4 reasons blogs succeed—and how yours can, too
Blogging has become fundamental to the success of businesses, organizations and individuals.
They increase search engine traffic, build authority in competitive industries, generate more leads and improve conversion rates.
Small businesses employing blogs report a 126 percent increase in leads, search engines index 434 percent more pages for websites with blogs, and companies that blog receive 97 percent more inbound traffic from outside links.
Those are the success stories; creative and sustained efforts have built their success.
The following are four reasons why those blogs win and why so many others fail:
Blogs should provide information about trends and developments in trades that will benefit visitors. They should spotlight your proprietary knowledge and expert wisdom, not spew sales pitches.
Blogs attract visitors when they profit from your expertise, so bloggers should write with those visitors in mind.
The lack of a defined voice and specific niche represents the downfall of many blogs, according to Katie Haines, communications coordinator with TalenAlexander in Charlotte, North Carolina.
“My favorite blogs are so successful … because they know who they are,” Haines says. “They use their unique voice to connect with their user base on an authentic level. Readers can tell when bloggers are holding back and when they are writing for a word count or marketing purpose.”
It helps to say, when posting new material, “This blog is upd ated every Thursday at 9:28 a.m. Eastern time,” or, “Check here for new content on the second Friday of every month,” so readers know when to return.
They might visit every so often without a calendar, but they will move on if they don’t see new content consistently. Vagueness in timing for the sake of attracting a few additional page views is counterproductive.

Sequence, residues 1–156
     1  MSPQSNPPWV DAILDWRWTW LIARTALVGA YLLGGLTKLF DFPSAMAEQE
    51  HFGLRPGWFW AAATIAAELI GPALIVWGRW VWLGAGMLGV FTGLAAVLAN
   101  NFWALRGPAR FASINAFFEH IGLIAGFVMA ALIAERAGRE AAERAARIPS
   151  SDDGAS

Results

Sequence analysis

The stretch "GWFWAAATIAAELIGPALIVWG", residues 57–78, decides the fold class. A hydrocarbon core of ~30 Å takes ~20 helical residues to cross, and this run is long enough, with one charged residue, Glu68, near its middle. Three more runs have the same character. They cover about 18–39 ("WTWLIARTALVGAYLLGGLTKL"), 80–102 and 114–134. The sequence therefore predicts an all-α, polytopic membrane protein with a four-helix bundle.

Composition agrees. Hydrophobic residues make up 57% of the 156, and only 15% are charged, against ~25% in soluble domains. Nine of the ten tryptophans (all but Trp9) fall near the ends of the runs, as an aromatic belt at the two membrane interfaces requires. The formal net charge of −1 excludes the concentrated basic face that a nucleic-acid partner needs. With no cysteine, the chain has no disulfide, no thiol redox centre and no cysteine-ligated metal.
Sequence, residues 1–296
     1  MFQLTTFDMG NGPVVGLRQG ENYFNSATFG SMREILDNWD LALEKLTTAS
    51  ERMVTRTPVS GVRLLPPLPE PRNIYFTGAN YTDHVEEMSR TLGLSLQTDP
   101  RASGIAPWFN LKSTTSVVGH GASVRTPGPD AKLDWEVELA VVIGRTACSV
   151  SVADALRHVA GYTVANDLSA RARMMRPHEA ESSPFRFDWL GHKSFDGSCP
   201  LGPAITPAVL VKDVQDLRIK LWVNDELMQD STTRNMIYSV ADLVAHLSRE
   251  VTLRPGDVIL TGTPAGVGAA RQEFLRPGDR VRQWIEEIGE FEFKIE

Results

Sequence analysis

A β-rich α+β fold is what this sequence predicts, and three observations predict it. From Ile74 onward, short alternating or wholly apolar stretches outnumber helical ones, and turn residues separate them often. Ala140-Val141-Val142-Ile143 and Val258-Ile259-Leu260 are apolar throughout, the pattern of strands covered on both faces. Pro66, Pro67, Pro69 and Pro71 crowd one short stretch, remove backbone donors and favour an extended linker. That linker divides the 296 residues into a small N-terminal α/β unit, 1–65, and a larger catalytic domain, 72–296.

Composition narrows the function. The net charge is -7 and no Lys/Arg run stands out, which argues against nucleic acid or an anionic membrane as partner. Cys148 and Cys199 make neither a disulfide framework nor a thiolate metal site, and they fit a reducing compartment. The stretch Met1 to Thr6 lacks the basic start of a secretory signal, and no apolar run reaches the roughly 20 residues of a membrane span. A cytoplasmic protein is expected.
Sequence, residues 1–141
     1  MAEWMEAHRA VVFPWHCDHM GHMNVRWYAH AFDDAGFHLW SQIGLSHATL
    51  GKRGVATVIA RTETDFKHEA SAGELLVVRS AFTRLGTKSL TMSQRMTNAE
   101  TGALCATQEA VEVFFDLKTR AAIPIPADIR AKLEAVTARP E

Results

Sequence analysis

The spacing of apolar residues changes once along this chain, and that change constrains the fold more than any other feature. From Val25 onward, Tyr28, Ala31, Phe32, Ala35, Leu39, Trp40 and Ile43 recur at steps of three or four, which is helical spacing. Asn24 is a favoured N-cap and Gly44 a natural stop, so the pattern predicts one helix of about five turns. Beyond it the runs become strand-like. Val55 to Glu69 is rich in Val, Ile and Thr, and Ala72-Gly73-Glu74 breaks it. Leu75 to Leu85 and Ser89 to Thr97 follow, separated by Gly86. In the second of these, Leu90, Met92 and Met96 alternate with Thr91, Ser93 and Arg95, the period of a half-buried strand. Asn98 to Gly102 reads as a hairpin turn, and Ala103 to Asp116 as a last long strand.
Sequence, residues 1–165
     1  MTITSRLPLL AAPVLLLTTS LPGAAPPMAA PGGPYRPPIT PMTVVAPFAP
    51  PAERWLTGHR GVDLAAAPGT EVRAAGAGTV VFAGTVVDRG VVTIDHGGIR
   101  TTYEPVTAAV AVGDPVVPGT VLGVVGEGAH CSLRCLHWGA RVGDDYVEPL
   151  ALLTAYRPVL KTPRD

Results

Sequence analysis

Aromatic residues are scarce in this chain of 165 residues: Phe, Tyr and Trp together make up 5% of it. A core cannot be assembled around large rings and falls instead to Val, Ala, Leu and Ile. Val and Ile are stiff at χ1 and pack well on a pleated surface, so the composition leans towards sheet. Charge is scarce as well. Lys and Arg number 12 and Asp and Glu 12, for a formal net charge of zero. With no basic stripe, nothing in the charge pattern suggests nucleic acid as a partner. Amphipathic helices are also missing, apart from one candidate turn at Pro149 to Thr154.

Many bloggers fail because they begin with an overly ambitious mindset. They blast out of the gate, publishing three times a day with writing that engenders a fury and zeal for their subject.
Then they check Google Analytics and find that a dozen or so people visited their website over the prior week. Disappointed that they aren’t rocketing to stardom, posts diminish to once per day, once per week, once per month—and then end completely.
“I tell clients blog writing is just like going to the gym to get into shape,” says Gayle Lynn Falkenthal, president of Falcon Valley Group in San Diego. “You can't go once a month and expect it to work, but if you keep at it regularly and chip away, three months later suddenly you realize your pants are falling off.”
Visitors won’t read your blog solely because it exists. The internet is too vast to expect that readers will somehow discover it themselves and then remember to return.
“The ‘build it and they will come’ approach has never worked and never will,” Warner says. “You need to promote whatever content you write. By rule, however long it took you to write that content, spend seven times more on promoting it.”
Seth Gilgus, digital marketing specialist at New Orleans-based Online Optimism, advises using multiple social media platforms, email marketing, online advertising, giveaways and partnerships with larger brands to create a core following that can expand.
4. Money and prestige
Most blogs fail because their writers set out to earn riches and gain celebrity overnight. They se t incredibly ambitious goals of pulling in lots of advertising dollars and attracting millions of followers. It rarely works.
Successful bloggers are passionate about their vocation and informing their audience. They offer a rare perspective on their industry and commit to weekly or even daily updates, in addition to marketing themselves aggressively.
“The money-earning potential is blogging’s greatest promise that quickly turns into its greatest curse,” says Nikola Roza, who blogs at Build Yourself a Brighter Future. “It’s an obstacle many bloggers never jump over.
“Even those with huge passion aren’t safe,” Roza adds. “It’s because having ‘dollar sign eyes’ gives the blogger tunnel vision. He can't focus, he can't work, and what he somehow manages to do is mediocre at best. It's what I call, ‘Let’s get this over with; I’m waiting for the dough to come.’ No, that won't sell.”